Defining an Experiment

To define an experiment we need to define a train object and provide it a dataset object, a model object, and an algorithm object via its parameters dictionary.

We have already seen how to instantiate the MNIST dataset class so lets look next at the algorithm. The Pylearn2 algorithm classes are found in the training_algorithms sub-directory. In this example we are going to use stochastic gradient descent (SGD) because it is arguably the most commonly used algorithm for training neural networks. It requires only one parameter, namely learning_rate, and is instantiated as follows:
!obj:pylearn2.training_algorithms.sgd.SGD { learning_rate: 0.05 }
The final thing we need to do before we can put it all together is to define a model. The Pylearn2 model classes are located in the model sub-directory. The class we want is called SoftmaxRegression and found in softmax_regression. In its most basic form we only need to supply four parameters:
  • nvis: the number of visible units in the network, i.e. the dimensionality of the input.
  • n_classes: the number of output units in the network, i.e. the number of classes to be learned.
  • irange: the range from which the initial weights should be randomly selected. This is a symmetric range about zero and as such it is only necessary to supply the upper bound.
  • batch_size: the number of samples to be used simultaneously during training. Setting this to 1 results in pure stochastic gradient descent whereas setting it to the size of the training set effectively results in batch gradient descent. Any value in between yields stochastic gradient descent with mini-batches of the size specified.

Using what we know, we can now construct the train object and in effect the full YAML file as follows:
!obj:pylearn2.train.Train {
    dataset: !obj:pylearn2.datasets.mnist.MNIST { which_set: 'train' },
    model: !obj:pylearn2.models.softmax_regression.SoftmaxRegression {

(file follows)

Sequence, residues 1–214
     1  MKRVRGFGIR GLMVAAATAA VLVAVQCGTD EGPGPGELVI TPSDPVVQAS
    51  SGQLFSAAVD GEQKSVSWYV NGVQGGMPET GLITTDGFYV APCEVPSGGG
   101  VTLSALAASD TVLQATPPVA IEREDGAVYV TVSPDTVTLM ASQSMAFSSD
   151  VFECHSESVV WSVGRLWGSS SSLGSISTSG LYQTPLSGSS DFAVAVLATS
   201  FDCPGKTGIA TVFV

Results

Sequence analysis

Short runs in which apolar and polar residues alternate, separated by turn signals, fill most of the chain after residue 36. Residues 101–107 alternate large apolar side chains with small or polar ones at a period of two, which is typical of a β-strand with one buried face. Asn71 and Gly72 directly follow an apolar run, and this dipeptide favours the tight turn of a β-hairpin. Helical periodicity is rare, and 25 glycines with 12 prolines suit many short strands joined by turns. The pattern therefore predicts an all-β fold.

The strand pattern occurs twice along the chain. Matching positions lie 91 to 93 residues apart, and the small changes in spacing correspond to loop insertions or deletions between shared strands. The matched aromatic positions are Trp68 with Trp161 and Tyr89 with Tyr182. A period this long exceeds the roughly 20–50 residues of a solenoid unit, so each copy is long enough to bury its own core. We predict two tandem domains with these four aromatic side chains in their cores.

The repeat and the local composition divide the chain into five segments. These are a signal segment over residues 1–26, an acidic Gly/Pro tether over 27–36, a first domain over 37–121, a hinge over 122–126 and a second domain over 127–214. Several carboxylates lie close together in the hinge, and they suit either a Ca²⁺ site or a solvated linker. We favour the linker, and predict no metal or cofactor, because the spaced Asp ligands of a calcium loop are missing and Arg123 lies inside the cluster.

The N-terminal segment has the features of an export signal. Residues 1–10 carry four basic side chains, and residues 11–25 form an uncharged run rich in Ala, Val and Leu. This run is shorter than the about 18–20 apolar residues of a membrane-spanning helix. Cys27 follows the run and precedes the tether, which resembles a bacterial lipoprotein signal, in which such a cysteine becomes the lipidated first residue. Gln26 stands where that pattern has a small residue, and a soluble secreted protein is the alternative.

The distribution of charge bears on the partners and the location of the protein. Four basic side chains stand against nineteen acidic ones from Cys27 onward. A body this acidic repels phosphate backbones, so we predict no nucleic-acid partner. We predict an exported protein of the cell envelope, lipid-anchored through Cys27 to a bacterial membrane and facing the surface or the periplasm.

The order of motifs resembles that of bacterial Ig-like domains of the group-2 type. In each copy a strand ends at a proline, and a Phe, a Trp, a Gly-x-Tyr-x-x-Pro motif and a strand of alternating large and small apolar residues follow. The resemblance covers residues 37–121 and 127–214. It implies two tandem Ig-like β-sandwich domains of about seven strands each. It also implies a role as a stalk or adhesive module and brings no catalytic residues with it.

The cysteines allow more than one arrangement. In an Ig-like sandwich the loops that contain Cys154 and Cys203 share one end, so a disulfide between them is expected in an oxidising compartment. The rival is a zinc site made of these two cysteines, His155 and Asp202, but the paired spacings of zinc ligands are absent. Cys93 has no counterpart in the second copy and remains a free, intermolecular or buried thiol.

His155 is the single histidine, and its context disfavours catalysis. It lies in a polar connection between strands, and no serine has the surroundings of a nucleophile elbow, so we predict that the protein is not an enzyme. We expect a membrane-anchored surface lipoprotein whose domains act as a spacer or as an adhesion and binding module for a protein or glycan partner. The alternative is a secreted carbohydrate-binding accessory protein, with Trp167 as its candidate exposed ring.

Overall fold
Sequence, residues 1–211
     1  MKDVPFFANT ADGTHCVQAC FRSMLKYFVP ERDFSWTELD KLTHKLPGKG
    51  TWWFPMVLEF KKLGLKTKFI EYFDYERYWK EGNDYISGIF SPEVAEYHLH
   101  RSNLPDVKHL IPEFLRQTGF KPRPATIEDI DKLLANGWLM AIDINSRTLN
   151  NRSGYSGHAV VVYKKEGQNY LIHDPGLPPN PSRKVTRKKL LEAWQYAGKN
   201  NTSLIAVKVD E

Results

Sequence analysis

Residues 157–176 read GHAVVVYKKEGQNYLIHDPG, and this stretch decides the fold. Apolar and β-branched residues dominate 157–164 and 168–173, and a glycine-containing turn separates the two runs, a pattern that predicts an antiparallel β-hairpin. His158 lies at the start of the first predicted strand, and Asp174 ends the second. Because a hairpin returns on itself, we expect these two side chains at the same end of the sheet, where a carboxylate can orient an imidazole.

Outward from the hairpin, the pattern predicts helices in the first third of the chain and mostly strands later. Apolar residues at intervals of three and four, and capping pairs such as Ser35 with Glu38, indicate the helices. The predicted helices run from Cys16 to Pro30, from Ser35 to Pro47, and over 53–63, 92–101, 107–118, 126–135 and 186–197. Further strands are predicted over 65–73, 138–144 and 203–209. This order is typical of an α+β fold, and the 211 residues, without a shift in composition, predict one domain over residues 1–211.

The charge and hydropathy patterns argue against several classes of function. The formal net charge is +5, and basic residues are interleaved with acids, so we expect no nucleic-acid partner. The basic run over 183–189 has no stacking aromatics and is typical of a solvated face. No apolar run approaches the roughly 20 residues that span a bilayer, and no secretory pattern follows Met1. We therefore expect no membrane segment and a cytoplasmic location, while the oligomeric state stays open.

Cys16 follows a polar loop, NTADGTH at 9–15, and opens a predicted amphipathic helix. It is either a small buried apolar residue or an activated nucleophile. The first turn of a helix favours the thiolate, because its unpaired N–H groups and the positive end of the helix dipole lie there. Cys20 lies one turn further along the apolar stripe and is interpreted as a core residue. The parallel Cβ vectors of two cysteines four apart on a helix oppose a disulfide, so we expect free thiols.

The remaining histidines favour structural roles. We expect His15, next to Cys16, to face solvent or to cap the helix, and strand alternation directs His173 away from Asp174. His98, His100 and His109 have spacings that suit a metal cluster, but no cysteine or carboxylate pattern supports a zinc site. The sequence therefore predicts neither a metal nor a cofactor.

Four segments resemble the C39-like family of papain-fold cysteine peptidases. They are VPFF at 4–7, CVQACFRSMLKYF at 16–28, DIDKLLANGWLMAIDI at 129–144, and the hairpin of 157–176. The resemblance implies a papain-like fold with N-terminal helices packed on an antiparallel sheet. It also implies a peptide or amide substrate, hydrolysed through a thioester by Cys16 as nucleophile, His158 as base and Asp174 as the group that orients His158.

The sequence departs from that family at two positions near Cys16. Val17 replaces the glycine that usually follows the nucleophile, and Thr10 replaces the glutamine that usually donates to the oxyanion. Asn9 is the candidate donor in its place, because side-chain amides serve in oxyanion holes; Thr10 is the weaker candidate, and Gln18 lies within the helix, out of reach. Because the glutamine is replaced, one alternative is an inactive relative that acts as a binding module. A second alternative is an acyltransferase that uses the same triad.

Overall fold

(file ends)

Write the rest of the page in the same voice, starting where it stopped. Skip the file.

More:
batch_size: 20,
        n_classes: 10,
        nvis: 784,
        irange: 0.01
    algorithm: !obj:pylearn2.training_algorithms.sgd.SGD { learning_rate: 0.05 }
Note that a Pylearn2 YAML file can contain definitions for multiple experiments simultaneously. Simply stack them one after the other and they will be executed in order from top to bottom in the file.

Executing an Experiment

The final step is to run the experiment. Assuming the scripts sub-directory is in your path we simply call train.py and supply the YAML file created above. Assuming that file is called basic_example.yaml and your current working directory contains it the command would be:
train.py basic_example.yaml
Pylearn2 will load the YAML, instantiate the specified objects and run the training algorithm on the model using the specified dataset. An example of the output from this YAML looks like:
dustin@Cortex ~/pylearn2_tutorials $ train.py basic_example.yaml
compiling begin_record_entry...
compiling begin_record_entry done. Time elapsed: 0.013530 seconds
Monitored channels: 
Compiling accum...
Compiling accum done. Time elapsed: 0.000070 seconds
Monitoring step:
 Epochs seen: 0
 Batches seen: 0
 Examples seen: 0
Time this epoch: 0:02:18.271934
Monitoring step:
 Epochs seen: 1
 Batches seen: 1875
 Examples seen: 60000
Time this epoch: 0:02:18.341147
Note we have not told the training algorithm under what criteria it should stop so it will run forever!